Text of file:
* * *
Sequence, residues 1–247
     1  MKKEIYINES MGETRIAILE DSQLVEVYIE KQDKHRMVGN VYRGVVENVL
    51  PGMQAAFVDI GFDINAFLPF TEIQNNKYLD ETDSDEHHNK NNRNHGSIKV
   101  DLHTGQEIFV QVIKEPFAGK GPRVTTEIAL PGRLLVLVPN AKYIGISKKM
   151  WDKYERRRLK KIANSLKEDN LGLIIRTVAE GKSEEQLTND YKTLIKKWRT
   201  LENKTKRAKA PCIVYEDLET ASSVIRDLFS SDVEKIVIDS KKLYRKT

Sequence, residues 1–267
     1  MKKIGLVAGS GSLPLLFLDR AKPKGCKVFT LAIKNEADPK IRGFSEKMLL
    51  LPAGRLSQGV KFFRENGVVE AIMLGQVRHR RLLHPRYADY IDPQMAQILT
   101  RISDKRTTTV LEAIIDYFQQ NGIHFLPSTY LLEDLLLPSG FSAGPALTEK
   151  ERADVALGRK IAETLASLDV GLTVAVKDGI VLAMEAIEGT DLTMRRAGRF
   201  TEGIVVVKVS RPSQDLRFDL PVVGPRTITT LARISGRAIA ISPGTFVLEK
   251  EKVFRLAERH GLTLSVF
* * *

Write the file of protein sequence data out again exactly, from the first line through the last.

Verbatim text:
Sequence, residues 1–247
     1  MKKEIYINES MGETRIAILE DSQLVEVYIE KQDKHRMVGN VYRGVVENVL
    51  PGMQAAFVDI GFDINAFLPF TEIQNNKYLD ETDSDEHHNK NNRNHGSIKV
   101  DLHTGQEIFV QVIKEPFAGK GPRVTTEIAL PGRLLVLVPN AKYIGISKKM
   151  WDKYERRRLK KIANSLKEDN LGLIIRTVAE GKSEEQLTND YKTLIKKWRT
   201  LENKTKRAKA PCIVYEDLET ASSVIRDLFS SDVEKIVIDS KKLYRKT

Sequence, residues 1–267
     1  MKKIGLVAGS GSLPLLFLDR AKPKGCKVFT LAIKNEADPK IRGFSEKMLL
    51  LPAGRLSQGV KFFRENGVVE AIMLGQVRHR RLLHPRYADY IDPQMAQILT
   101  RISDKRTTTV LEAIIDYFQQ NGIHFLPSTY LLEDLLLPSG FSAGPALTEK
   151  ERADVALGRK IAETLASLDV GLTVAVKDGI VLAMEAIEGT DLTMRRAGRF
   201  TEGIVVVKVS RPSQDLRFDL PVVGPRTITT LARISGRAIA ISPGTFVLEK
   251  EKVFRLAERH GLTLSVF